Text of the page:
While still operating as a social network, MealMe applied to both Y Combinator and Techstars, but wasn’t accepted at either.

The startup discovered that some of its users were posting food pics simply to get the service to tell them which delivery services would be able to bring them what they wanted. From that learning the company focused on building a food search engine, allowing users to search for restaurants, and then vet various delivery options and prices. That iteration of the product got the company into Techstars Atlanta, eventually leading to the demo day that TechCrunch reviewed.

During its time in Techstars, the company adjusted its model to not merely link to DoorDash and others, but to handle checkout inside of its own application. This captures more gross merchandize value (GMV) inside of MealMe, Bouchner explained in an interview. The capability was rolled out in September of 2020.

Since then the company has seen rapid growth, which it measures at around 20% week-on-week. During TechCrunch’s interview with MealMe, the company said that it had reached a GMV run rate of more than $500,000, and was scaling toward the $1 million mark. In the intervening weeks the company passed the $1 million GMV run-rate threshold.

MealMe was slightly coy on its business model, but it appears to make margin between what it charges users for orders and the total revenue it passes along to food delivery apps.

TechCrunch was curious about platform risk at MealMe; could the company get away with offering price comparison and ordering across multiple third-party delivery services without raising the ire of the companies behind those apps? At the time of our interview, Bouchner said that his company had not seen pushback from the services it sends users to. His company’s goal is to grow quickly, become a useful revenue source for the DoorDashes of the world, and then reach out for some of formal agreement, he explained.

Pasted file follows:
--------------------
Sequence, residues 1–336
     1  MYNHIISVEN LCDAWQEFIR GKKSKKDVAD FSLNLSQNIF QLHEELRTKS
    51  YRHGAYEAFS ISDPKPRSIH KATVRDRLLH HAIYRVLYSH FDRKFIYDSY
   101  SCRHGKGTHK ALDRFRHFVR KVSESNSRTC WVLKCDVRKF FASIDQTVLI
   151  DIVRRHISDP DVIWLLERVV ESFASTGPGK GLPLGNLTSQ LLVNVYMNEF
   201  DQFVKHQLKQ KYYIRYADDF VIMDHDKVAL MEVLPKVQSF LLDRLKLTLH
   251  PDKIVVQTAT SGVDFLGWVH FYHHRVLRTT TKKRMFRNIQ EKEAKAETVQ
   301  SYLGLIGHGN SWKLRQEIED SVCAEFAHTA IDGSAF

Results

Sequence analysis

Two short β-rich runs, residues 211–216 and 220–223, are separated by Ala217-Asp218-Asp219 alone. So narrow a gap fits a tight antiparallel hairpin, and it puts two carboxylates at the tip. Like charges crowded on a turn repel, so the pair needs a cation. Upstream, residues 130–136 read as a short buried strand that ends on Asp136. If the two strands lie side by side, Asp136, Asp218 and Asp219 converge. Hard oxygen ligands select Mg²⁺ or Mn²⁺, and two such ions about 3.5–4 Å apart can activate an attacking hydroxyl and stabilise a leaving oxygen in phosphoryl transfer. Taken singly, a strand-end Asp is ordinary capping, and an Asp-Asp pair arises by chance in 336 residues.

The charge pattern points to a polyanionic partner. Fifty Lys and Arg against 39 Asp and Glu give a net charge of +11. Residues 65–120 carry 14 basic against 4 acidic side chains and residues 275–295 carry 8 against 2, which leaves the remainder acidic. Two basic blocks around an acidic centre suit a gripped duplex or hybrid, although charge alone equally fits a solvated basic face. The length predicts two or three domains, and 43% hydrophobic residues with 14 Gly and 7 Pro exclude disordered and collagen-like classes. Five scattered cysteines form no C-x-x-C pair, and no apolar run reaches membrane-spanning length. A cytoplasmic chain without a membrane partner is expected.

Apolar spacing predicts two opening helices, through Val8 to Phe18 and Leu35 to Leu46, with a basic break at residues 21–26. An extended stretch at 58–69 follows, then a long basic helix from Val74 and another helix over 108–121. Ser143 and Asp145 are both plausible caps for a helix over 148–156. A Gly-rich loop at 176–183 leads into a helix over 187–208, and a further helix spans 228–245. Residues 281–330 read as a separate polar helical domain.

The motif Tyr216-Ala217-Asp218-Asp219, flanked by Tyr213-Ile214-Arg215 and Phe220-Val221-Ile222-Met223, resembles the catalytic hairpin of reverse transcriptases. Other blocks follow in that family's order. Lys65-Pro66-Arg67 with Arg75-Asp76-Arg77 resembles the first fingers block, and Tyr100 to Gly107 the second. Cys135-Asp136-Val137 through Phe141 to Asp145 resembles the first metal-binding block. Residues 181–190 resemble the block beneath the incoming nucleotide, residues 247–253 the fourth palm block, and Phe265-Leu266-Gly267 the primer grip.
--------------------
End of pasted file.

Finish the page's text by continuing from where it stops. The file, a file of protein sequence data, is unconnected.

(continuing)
“We continue to be a powerful revenue generator and drive thousands of orders to food delivery services per week,” the co-founder said in a written statement. Certainly MealMe found investors more excited by its growth than concerned about Uber Eats or other apps cutting the startup off from their service.

What first caught my eye about MealMe was the realization of how much I would have used it in my early 20s. Perhaps the company can find enough users like my younger self to help it scale to sufficient size that it can go to the major food ordering companies and demand a cut, not merely avoid being cut off.

#fundings-exits, #mealme-ai, #palm-drive-capital, #recent-funding, #slow-ventures, #startups, #techstars

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Ex-General Catalyst and General Atlantic VC announces $68M debut fund

As of 2019, the majority of venture firms — 65% — still did not have a single female partner or GP at their firm, according to All Raise.

So naturally, anytime we hear of a new female-led fund, our ears perk up.

Today, New York-based Avid Ventures announced the launch of its $68 million debut venture capital fund. Addie Lerner — who was previously an investor with General Catalyst, General Atlantic and Goldman Sachs — founded Avid in 2020 with the goal of taking a hands-on approach to working with founders of early-stage startups in the United States, Europe and Israel.

“We believe investing in a founder’s company is a privilege to be earned,” she said.

Tali Vogelstein — a former investor at Bessemer Venture Partners — joined the firm as a founding investor soon after its launch and the pair were able to raise the capital in 10 months’ time during the 2020 pandemic.

The newly formed firm has an impressive list of LPs backing its debut effort. Schusterman Family Investments and the George Kaiser Family Foundation are its anchor LPs. Institutional investors include Foundry Group, General Catalyst, 14W, Slow Ventures and LocalGlobe/Latitude through its Basecamp initiative that backs emerging managers.